So, the Zimbabwe Transitional Stabilisation Programme which was launched by Mthuli Ncube last Friday has an interesting piece of detail tucked away in the appendices. In a table that is titled, Compendium of Infrastructure Projects there is a section for ICT projects which has a subsection dedicated to TelOne which is under the heading, TelOne Upgrading Programme. Under that, there is an item whose description says:
Assembly and Distribution of Digital ICT Gadgets
The project scope is defined as:
Local manufacturing of ICT equipment such as computers
The project did not have any milestones associated with it up to year 2020 as other projects (but not all) have. The estimated total cost is $6 million and the project is expected to be financed through loans with the government itself putting in $2 million in 2019 and $1 million in 2020.
First, not a bad idea for gadgets to be assembled in Zimbabwe
There is no reason why a local company should not assemble or manufacture computer equipment. We have the human capital to pull it off, hack we have the silicon to build some of the components. More than that the market for low cost generic computer equipment and mobile devices exists on the African continent and it is a growing market.
That company should not be TelOne
Besides TelOne being fully owned by the government, I am quite bullish about the company and I think if they continue on the trajectory they are on they will become one of the most successful companies in Zimbabwe.
TelOne is a services company that has never ventured into hardware. Hardware manufacture is not an obvious industry. Global giants like Amazon and Microsoft attempted to get into hardware and they have scars to show for it even now.
Yes Amazon has the Kindle and is now manufacturing the Echo and they recently announced plans to manufacture stuff like toasters and stuff to build their voice assistant into these products. These are more of home electrical goods which are commodities in the strict sense of the word.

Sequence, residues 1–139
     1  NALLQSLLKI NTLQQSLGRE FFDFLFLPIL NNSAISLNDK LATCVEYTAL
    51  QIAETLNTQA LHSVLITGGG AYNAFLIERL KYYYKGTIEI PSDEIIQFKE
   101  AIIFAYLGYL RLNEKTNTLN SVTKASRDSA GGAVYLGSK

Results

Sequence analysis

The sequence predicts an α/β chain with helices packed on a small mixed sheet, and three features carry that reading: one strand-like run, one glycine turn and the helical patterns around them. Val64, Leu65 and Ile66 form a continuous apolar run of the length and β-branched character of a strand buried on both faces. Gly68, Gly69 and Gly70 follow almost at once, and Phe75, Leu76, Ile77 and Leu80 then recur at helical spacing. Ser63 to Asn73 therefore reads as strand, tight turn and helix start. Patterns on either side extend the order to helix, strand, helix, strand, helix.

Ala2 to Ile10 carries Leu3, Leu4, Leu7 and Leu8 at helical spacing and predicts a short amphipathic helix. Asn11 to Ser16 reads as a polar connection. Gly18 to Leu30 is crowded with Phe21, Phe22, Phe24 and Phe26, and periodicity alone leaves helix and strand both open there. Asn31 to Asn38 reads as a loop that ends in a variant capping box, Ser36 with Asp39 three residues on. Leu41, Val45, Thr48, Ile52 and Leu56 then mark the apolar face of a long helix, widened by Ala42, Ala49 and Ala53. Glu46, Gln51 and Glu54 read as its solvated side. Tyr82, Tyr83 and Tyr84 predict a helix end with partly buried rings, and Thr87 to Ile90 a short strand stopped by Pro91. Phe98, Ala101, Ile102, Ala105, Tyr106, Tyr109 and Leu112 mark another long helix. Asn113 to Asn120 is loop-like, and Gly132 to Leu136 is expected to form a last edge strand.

Computer equipment is a different story. It requires a lot of focus because of that integration of hardware and software and the margins are thin unless you are Apple and we all know no one is. Samsung besides being one of the biggest manufacturers of mobile phones does not see much profit from that line of their business.
This is not the time to burden TelOne with a totally different business vertical that will result in them running into more debt than the paltry $6 million that has been put down as the total project cost. This is as if TelOne is not battling a huge debt as it is and as if TelOne does not need more capital for their current business.
The opportunities before TelOne in their traditional business are huge: the home and office demand for internet connectivity, the space of video content they have just entered, cloud solutions for which they already have data centres and need to build more. They should be left to focus on this space, it should keep them busy for a very long time.
Of course TelOne cannot just be happy with the opportunity that is currently visible, they need to look for other areas of growth. Such areas should not be orthogonal to their orientation as a services company though particularly the very hard hardware space.
There are still a lot of opportunities to emerge as we move into ‘Everything As A Service.’ These are the opportunities TelOne should be exploring. They should be scouting the startup universe for collaborations and potential acquisitions. Assembling computers is a pipe dream and they should spit it out immediately.
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